407 F2d 823 Eanes v. United States

407 F.2d 823

Vera G. EANES, Appellant,
v.
UNITED STATES of America, Appellee.

No. 12440.

United States Court of Appeals Fourth Circuit.

Argued December 3, 1968.

Decided March 7, 1969.

Frederick P. Aucamp, Norfolk, Va., for appellant.

Ralph A. Fine, Atty., Dept. of Justice (Edwin L. Weisl, Jr., Asst. Atty. Gen., Morton Hollander, Atty., Dept. of Justice, C. Vernon Spratley, Jr., U. S. Atty., on brief), for appellee.

Before BOREMAN, WINTER and BUTZNER, Circuit Judges.

PER CURIAM:

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1

Plaintiff, Mrs. Vera Eanes, appeals from an adverse judgment in an action instituted under the Federal Tort Claims Act, 28 U.S.C. §§ 1346(b) and 2674, to recover damages for personal injuries. She alleges that it was actionable negligence on the part of the Veterans Administration Hospital in Kecoughtan, Hampton, Virginia, defendant, to grant her husband, then a voluntary mental patient at said hospital, a fifteen-day leave for a trial visit at home. It was during this visit that her husband brutally attacked her with a claw-hammer and seriously injured her. At trial the district court held that there was no negligence on the part of the government doctors in releasing plaintiff's mentally ill husband on therapeutic leave and that the Hospital was not guilty of negligence which was the proximate cause of plaintiff's injuries.1 The district court fully and painstakingly reviewed and discussed all of the evidence in the case touching upon the diagnosing and evaluating of the patient's illness, both mental and physical, and the prescribed treatment. In reaching the conclusion that there was no negligence on behalf of the Hospital or its staff, the district court discussed the "open door" policy as approved and practiced in a great many mental institutions or hospitals throughout the country. Briefly stated, this policy is one whereby selected mental patients, those who do not indicate a tendency or inclination to do physical harm to themselves or others, are permitted trial visits to their homes and families. It has been held that, in this particular field, such visits "constitute excellent therapy which is necessary if there is any reasonable possibility that the patient will ever again be able to mix with society and become a useful citizen. Such a therapy program entails risks to the patient and to society as a whole, but it involves a balancing of interests which is most important in the psychiatric field." White v. United States, 244 F.Supp. 127, 131 (E.D.Va. 1965), aff'd, per curiam, 359 F.2d 989 (4 Cir.1966).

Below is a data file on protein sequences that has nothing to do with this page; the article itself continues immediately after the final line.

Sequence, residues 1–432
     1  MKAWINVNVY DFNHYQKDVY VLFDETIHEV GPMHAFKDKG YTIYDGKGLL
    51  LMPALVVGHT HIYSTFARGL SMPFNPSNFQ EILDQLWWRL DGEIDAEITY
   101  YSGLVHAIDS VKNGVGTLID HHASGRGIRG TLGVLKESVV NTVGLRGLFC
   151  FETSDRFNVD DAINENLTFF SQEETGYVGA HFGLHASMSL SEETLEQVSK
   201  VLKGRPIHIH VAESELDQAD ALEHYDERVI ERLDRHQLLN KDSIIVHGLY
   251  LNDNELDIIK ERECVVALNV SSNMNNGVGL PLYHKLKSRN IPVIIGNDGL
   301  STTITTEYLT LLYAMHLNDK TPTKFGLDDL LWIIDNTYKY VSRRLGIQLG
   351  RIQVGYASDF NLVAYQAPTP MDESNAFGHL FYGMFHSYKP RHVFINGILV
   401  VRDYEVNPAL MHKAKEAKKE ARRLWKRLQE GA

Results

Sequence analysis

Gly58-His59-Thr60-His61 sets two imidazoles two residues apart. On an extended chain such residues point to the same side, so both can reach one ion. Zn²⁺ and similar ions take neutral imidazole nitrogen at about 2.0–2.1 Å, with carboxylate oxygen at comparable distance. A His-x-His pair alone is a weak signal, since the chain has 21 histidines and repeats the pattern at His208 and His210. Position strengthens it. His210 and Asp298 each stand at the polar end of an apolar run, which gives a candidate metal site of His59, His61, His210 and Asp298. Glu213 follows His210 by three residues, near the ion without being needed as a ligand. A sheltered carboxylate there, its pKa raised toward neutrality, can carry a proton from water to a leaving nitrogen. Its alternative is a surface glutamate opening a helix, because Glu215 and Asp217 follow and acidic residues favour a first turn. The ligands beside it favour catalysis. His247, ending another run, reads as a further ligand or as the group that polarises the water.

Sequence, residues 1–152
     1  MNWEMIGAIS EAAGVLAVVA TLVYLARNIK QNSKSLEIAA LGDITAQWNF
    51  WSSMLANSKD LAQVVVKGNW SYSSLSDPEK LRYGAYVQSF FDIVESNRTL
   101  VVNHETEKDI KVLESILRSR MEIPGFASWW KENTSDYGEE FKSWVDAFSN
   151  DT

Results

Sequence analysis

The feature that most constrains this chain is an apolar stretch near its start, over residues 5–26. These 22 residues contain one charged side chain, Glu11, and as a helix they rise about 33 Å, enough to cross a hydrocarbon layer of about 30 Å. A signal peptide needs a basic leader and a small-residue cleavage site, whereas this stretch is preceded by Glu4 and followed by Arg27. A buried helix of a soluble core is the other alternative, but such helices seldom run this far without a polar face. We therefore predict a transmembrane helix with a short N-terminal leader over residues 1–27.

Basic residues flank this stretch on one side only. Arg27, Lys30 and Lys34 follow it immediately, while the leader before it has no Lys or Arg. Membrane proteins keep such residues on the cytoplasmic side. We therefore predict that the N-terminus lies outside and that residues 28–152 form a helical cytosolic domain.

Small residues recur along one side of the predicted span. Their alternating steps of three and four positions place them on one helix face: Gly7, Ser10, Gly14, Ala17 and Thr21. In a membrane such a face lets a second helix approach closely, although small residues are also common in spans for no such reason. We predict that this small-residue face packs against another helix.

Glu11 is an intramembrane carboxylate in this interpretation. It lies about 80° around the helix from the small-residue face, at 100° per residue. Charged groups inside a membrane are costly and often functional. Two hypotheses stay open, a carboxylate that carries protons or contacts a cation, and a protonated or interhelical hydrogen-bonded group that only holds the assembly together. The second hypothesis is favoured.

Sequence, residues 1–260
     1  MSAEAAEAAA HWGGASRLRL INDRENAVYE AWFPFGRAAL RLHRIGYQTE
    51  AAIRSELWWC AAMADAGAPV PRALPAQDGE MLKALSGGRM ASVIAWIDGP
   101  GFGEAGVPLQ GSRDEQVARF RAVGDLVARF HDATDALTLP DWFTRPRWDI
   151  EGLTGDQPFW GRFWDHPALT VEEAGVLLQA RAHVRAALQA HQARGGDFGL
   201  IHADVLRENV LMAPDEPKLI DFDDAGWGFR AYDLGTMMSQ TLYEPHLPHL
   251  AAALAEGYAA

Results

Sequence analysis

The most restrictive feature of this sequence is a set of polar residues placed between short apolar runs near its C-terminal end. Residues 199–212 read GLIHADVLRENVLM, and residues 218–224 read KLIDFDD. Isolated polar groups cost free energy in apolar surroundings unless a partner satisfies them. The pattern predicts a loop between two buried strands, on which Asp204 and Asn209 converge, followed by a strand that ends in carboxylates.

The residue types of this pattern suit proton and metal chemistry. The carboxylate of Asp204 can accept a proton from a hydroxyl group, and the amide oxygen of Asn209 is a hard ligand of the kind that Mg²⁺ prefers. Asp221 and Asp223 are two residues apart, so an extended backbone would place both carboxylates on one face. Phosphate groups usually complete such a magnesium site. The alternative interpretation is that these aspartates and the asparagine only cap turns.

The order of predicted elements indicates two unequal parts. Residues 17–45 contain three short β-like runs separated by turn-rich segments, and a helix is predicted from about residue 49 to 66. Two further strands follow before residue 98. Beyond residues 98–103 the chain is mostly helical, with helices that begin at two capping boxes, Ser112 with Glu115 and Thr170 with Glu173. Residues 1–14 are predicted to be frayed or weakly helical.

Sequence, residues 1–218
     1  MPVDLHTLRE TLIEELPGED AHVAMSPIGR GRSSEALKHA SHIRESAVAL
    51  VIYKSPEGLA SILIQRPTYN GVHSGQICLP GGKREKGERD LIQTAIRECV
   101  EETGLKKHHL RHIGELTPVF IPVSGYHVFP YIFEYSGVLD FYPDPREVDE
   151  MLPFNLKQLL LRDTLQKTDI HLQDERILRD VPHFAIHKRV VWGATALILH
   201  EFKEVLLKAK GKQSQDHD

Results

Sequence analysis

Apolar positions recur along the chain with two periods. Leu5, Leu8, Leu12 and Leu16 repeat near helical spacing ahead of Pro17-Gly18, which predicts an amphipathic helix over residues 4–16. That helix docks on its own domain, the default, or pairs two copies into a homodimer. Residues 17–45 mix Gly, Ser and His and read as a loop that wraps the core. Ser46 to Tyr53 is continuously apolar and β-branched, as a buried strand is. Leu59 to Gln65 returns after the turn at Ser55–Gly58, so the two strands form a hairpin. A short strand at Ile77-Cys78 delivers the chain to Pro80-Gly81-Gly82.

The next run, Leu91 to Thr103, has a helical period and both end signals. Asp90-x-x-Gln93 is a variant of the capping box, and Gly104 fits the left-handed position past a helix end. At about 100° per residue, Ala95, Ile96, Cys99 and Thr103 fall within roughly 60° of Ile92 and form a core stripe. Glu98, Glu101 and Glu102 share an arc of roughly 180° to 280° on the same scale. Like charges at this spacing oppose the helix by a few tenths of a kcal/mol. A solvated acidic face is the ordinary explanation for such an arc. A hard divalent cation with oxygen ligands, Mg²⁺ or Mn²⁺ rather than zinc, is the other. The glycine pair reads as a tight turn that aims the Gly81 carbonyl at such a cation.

2

Undoubtedly, calculated risks are involved in pursuing such a policy but, in the opinion of experts in the field of mental illnesses, they are warranted and justified if "the modern and enlightened treatment of the mentally ill is to be pursued intelligently and rationally." Baker v. United States, 226 F.Supp. 129, 135 (S.D.Iowa 1964). However, it is incumbent upon the attendant experts who are in charge of the mentally ill to exercise that degree of care, in diagnosing the illness of a patient and in calculating the possibilities that his assaultive tendencies may assert themselves, which is commensurate with the risks involved in opening the doors of the hospital to him for leaves of absence during which he will be free of professional care, supervision or restraint.

3

This court is not prepared or persuaded to condemn, per se, the "open door" policy. As pointed out by the district court, plaintiff's husband was at liberty to leave the hospital at any time since he was a voluntary patient; furthermore, Virginia has provided by statute (Sec. 37-135 of the Code of Virginia 1950) for trial visits to homes by order of the superintendent of any hospital and even though the patient may have been involuntarily committed. But we do suggest that great care and caution should be taken to provide reasonable assurances that the risks involved will not ultimately prove to have been underestimated or miscalculated.

4

Having fully examined the record now before us we cannot say that the district court's finding of no actionable negligence on the part of the VA Hospital was clearly erroneous. Accordingly, for the reasons stated in the district court's opinion, the judgment below is

5

Affirmed.

Notes:

1

Eanes v. United States, 280 F.Supp. 143 (E.D.Va.1968)